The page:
THE STORY OF ROSE AND LOTUS – Janghwa Hongryeon jeon
To summarise the tale of ‘Janghwa Hongryeon jeon’, a.k.a The Story of Rose and Lotus, that A Tale of Two Sisters was based on, a mother dies when her two daughters are still children and the father, her husband, remarries. The stepmother fortunately bore sons with the father – as the father needed to carry on his patrilineage, as was expected in Korea – yet abused her step-daughters, Rose Flower (‘Janghwa’) and Red Lotus (‘Hongryeon’). She planted a dead rat in Rose’s bed, to make her family believe she’d had a miscarriage, and thus, a child out of wedlock. Rose ran to a pond, ashamed, and the stepmother made one of her sons follow her and push her in. Her younger sister, not being able to handle the abuse from her stepmother, committed suicide in the same pond. Soon, every new male mayor of the village kept mysteriously dying. Eventually, one new mayor, unafraid of the previous deaths, spoke to the ghosts of the two sisters and learnt the truth of their abuse. He sentenced the stepbrother and stepmother to death. The father was believed to not have known of any of this. Later, the father remarried, and the new wife gave birth to twin girls, named Janghwa and Hongryeon.
The Tale of Two Sisters, whilst dismissing the presence of the mayor’s and the village deaths, and changing certain elements (such as the dead rat masquerading as a miscarriage to the stepmother’s assumedly-murdered pet bird) to better fit the narrative, still keeps the actual message of the tale (of justice). Two Sisters, as with Rose and Lotus, is a reflection of Confucianism, particularly the ideas of family and patriarchy. Rose and Lotus is a tale of justice served due to the disruption of the family, an indication of the historic and societal context of the story, which has been adapted and updated for its 2003 edition. The monstrous stepmother is now a figment of the mentally fragile Su-mi, the eldest daughter who has been traumatised by the suicide of her ill mother and consequent death of younger sister Su-yeon, who too haunts Su-mi’s mind as a figure she believes to be real. The outsider, the disrupter of the family, is both the stepmother and the daughter, adding a psychological element to create a horror story out of a familiar folktale.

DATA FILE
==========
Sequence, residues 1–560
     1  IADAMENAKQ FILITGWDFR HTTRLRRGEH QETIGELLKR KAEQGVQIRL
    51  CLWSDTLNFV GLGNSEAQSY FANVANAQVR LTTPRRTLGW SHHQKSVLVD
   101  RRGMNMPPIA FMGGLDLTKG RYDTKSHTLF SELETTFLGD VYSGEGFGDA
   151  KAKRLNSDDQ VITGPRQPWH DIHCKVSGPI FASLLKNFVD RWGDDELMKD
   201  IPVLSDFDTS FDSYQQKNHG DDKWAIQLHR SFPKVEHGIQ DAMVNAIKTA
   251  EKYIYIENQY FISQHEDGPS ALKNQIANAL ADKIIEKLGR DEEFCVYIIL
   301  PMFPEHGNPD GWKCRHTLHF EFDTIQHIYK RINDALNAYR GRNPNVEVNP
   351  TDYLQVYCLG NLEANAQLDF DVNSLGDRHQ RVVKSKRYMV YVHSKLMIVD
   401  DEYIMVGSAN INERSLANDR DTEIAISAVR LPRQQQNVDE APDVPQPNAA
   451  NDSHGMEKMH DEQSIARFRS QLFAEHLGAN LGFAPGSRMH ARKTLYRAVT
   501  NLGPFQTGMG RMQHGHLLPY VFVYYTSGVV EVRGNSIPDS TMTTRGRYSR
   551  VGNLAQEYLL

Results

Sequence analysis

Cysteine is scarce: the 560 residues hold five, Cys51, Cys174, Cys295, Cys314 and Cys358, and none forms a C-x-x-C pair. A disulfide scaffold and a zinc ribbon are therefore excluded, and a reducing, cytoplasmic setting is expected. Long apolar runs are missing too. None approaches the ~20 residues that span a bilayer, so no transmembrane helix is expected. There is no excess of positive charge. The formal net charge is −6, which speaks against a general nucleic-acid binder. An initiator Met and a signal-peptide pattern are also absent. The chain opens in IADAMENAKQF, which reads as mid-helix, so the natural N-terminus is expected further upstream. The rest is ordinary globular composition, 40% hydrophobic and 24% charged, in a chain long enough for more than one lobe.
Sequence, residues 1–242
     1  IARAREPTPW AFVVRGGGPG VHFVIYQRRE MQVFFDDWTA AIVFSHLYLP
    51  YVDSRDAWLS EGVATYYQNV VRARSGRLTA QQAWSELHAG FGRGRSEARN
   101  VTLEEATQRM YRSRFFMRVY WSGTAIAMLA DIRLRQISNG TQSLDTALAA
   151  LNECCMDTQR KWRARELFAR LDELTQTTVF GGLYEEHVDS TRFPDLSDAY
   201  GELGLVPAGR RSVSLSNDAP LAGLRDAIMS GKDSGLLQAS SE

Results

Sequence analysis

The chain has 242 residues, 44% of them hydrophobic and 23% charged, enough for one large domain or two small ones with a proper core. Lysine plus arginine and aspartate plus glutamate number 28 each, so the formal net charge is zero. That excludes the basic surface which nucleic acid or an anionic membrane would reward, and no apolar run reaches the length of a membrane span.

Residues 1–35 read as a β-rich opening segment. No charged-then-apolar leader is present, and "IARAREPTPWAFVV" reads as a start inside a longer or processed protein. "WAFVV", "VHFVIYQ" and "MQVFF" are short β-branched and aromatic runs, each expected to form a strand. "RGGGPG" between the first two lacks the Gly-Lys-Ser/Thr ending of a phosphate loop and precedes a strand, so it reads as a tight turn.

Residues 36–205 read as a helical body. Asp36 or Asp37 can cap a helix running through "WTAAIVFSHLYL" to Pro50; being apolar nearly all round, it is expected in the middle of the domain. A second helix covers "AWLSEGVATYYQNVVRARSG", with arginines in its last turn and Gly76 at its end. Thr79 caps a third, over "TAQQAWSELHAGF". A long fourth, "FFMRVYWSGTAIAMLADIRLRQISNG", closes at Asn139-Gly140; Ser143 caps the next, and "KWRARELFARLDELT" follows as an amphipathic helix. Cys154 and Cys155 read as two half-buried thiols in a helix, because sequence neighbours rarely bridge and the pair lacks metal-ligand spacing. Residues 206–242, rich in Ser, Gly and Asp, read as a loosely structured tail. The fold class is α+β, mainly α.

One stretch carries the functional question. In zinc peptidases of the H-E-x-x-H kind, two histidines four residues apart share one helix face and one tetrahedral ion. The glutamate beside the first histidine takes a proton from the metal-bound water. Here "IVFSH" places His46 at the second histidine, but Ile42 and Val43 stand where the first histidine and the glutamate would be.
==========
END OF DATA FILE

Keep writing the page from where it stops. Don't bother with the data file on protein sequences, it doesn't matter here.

CULTURE AND COMPARISON in the nuclear horror household
The 2009 remake The Uninvited (Thomas and Charles Guard) is generally a typical American horror. There are many similarities to its original Korean source, but with a glorification of elements that makes it lose the carefully woven narrative that Two Sisters had. It’s an enjoyable film, but one that definitely represents its country’s industry. There will be some differences, of course, in the expectations of horror expected between countries. As I previously mentioned, all countries have the same recognisable horror – such as the ghost – but the way they are presented on-screen is a different matter, as is the cultural and historical significance of said horror. The question is whether there is any found reasoning behind the overall international success and achieved artistic distinction of A Tale of Two Sisters that its American remake did not attain, and whether this reasoning is the cultural components of the Korean original versus the absence of this in the American remake.
Visual differences are stark when comparing these two films; whilst Two Sisters utilises the misé-en-scene to further its psychologically eerie atmosphere, The Uninvited relies almost solely on the visual conventions of Western horror tropes without mirroring that horror in the set any more than just a broader, more general use. The set design of Two Sisters specifically denotes the eerie tone of the film, using William Morris wallpaper that matches the rest of the family’s house, with old furniture that doesn’t equal the contemporary time-period. This contributes to the sinister and unnatural atmosphere of the film, whereas the large lakehouse in The Uninvited is not eerie or sinister, but an indication of the family’s wealth that has nothing to do with the horror that ensues; it’s more of a flashy set than an addition to the mood. The film was also made as part of an American producer’s Asian film remakes, and whilst still being a good horror film, it is devoid of a cultural meaning that its Korean counterpart holds.